Flashcards in Hormones - female and male Deck (16)
Describe the major hormones of male reproduction (GnRH, FSH, LH, and feedback)
- GnRH released from hypothalamus causes release of LH, FSH from anterior pituitary
- LH stimulates Leydig cells to cause conversion of cholesterol to testosterone (T) and subsequent release
- FSH stimulates the Sertoli cells and spermatogenesis
Testosterone from Leydig cells inhibits GnRH and LH release
Inhibin from Sertoli cells inhibits FSH release
Describe the targets and MOA of testosterone in the male.
After being released by the Leydig cells, testosterone (T) is carried by sex-steroid-binding globulin (SSBG) to its targets (98% is protein-bound; can also be carried by albumin but it has lower affinity). Once inside the androgen responsive cells T is converted to DHT (or not), binds to the AR, dimerizes, and has 2 effects:
1. genomic - goes to nucleus to initiate RNA transcription to increase protein synthesis for PSA, growth, survival
2. non-genomic - second messenger cascade of phosphorylation, lipid mediators, IC Ca, etc.
- Sertoli cells: stimulates spermatogenesis
- Maintains genital tract; T-->seminal vesicles and DHT--> prostate
- Induces 2ndary sex characteristics, aggression (?), stim. protein anabolism, regulates bone growth, required for sex drive
Estrogen production in male - how, where, why, how much?
- cholesterol converted to T, then to estradiol by the enzyme aromatase
- mostly in liver (80%), also testes, muscle, brain, fat
- estradiol is necessary for male fertility during reproductive age; it also helps to controls spermatogenesis
- 20% of that in females; increased with age/obesity
List the estrogens from strongest to weakest
E1- 17B-estradiol (major estrogen, strongest)
E3- Estriol (weakest)
Progesterone production by the ovaries:
List the cellular producers, key enzyme, and regulation.
Granulosa cells (follicular phase)
Corpus luteum (major source post-ovulation)
::Key enzyme: cholesterol desmolase [aka CYP11A1]
(cholesterol ---> pregnenolone, precursor for progesterone)
Estrogen production by the ovaries:
List cellular producers, precursors, key enzymes, and regulation.
Granulosa cells (follicular phase)
Corpus luteum (luteal phase)
::Precursors: Pregnenolone, progesterone, androgens (androstenedione)
Theca cells: cholesterol desmolase (produces precursor, pregnenolone)
Granulosa cells: 17B-hydroxysteroid dehydrogenase (androstenedione--> testosterone)
Aromatase (testosterone---> estrogen)
Regulation: LH (theca cells) and FSH (granulosa cells)
Describe the functions of granulosa cells.
- Nourish oocyte
- Secrete chemical messengers that influence the oocyte and theca cells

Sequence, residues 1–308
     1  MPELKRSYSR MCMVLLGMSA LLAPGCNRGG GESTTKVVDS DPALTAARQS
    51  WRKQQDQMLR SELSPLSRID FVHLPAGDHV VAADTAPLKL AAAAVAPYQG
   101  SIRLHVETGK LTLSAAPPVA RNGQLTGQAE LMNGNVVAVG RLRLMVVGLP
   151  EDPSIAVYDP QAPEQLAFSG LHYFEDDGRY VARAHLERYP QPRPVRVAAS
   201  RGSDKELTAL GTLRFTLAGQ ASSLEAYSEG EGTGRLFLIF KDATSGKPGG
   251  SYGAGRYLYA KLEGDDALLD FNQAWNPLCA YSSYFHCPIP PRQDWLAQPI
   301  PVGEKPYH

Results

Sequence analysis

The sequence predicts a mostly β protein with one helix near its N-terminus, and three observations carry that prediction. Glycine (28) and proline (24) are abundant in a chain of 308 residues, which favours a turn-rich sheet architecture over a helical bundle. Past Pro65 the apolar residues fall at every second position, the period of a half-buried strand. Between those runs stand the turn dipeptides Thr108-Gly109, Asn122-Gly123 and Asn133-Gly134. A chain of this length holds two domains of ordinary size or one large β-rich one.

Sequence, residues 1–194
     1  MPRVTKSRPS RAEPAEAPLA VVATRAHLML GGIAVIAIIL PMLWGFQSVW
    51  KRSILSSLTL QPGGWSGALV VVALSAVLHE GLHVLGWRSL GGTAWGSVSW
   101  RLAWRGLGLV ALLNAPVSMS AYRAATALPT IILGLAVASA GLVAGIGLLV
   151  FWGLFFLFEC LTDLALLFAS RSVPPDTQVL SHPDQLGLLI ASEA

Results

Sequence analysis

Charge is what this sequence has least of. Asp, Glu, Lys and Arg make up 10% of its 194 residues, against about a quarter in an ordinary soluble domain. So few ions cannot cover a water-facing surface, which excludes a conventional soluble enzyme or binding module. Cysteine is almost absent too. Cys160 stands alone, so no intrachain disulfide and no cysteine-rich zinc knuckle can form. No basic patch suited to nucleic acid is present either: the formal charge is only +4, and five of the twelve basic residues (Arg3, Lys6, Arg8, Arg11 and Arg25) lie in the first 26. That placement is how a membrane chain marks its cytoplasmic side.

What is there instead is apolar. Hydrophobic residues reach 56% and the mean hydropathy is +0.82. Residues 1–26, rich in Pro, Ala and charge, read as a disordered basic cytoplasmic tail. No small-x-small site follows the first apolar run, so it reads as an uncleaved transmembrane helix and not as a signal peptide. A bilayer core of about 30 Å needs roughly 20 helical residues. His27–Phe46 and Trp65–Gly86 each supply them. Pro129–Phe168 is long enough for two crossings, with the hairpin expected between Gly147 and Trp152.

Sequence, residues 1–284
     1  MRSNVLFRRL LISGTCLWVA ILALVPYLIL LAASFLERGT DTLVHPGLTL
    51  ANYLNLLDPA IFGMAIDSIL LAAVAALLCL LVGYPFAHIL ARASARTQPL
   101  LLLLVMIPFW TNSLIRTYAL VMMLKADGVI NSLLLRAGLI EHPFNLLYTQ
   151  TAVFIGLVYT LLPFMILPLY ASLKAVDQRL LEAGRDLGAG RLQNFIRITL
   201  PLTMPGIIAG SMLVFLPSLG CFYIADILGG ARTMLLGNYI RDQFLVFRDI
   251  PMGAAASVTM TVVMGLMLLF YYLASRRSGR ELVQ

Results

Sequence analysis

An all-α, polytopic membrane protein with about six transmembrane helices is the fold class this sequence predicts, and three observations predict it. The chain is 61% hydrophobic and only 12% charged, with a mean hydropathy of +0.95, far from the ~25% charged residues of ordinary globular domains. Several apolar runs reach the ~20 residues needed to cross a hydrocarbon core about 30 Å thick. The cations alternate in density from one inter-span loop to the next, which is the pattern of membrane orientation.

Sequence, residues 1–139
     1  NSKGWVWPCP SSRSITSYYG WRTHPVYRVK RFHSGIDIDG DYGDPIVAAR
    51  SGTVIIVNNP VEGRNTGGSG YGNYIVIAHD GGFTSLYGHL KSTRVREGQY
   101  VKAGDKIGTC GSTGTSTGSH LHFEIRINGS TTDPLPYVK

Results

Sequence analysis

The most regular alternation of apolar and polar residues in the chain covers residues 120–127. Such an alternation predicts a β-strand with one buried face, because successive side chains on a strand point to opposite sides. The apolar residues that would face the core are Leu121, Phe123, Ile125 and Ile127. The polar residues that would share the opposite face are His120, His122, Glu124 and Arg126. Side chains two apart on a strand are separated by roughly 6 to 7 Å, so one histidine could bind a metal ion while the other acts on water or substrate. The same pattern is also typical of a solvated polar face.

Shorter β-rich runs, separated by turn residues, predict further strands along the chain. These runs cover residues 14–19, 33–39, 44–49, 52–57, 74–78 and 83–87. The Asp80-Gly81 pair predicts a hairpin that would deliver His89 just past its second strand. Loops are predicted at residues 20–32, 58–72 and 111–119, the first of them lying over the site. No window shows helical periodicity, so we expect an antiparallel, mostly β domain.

- Secrete antral fluid
- Site of action of estrogen and FSH in the control of follicle development during early and middle follicular phases
- Express aromatase
- Secrete inhibin, inhibiting FSH secretion
- Site of action for LH induction of changes in oocyte and follicle culminating in ovulation and formation of corpus luteum
Which hormones peak during ovulation?
LH, FSH, and...
Estrogen - rises and peaks just before ovulation which stimulates the release of FSH and LH; stays high during ovulation as well
Describe the negative feedback mechanism on the hypothalamo-pituitary-gonadal axis during the early and middle follicular phases.
FSH and LH stimulate estrogen production by follicular cells.
Estrogen, at low concentrations, feeds back on the anterior pituitary to inhibit FSH and LH production.
Describe the positive feedback mechanism on the hypothalamo-pituitary-gonadal axis during the midcycle (immediately before ovulation).
Estrogen, at high concentrations, feeds back
1) on the hypothalamus to secrete more GnRH and
2) on the ant. pit. to upregulate GnRH receptors, and increases secretion of FSH and LH (ovulation surge ---> ovulation of mature oocyte)
Describe the negative feedback mechanism on the hypothalamo-pituitary-gonadal axis during the luteal phase.
During the luteal phase, progesterone (the major hormone during this time, since others peaked during ovulation) negatively feeds back on the ant. pit. to inhibit secretion of FSH and LH.
Briefly describe how chemical contraceptives work.
Prevent ovulation by negatively feeding back on the ant. pit. to suppress FSH and LH secretion, thus preventing the ovulation surge.
::low dose of estrogen
- suppress ovulation, prevent implantation, increase viscosity of cervical mucus
How is estrogen transported in the blood?
Like all steroid hormones, bound mostly to steroid hormone binding globulins.
Beta globulin (high affinity)
Albumin (low affinity)
2% free estrogen
Describe the effects of estrogen on target tissues such as Uterus, ovary, vagina, fallopian tubes, breast, brain/ant. pit.
1) Genomic- (long-lasting effects)
2) Non-genomic (rapid)
Uterus, Ovary, breast: stimulates growth
Uterus, vagina: maturation
Uterus: maintenance during pregnancy
Fallopian tubes: stim. ciliary activity
Brain/ant. pit. : feedback on FSH, LH secretion. Stimulates prolactin secretion
Describe the effects of estrogen on target tissues such as Bones, liver, heart, and blood vessels.
Bones: Regulates growth, preserves bone density, prevents osteoporosis.
Liver: Regulates cholesterol production, decreases LDL
BVs: Anti-atherosclerotic effects, reduces plaque formation
Note: a recent study showed the following with regards to exogenous estrogen +/- progesterone administration, post-hysterectomy:
1) No effect on the incidence of coronary heart dz
2) Reduced risk of hip fx
3) no increased risk of breast cancer
4) slight increase in stroke risk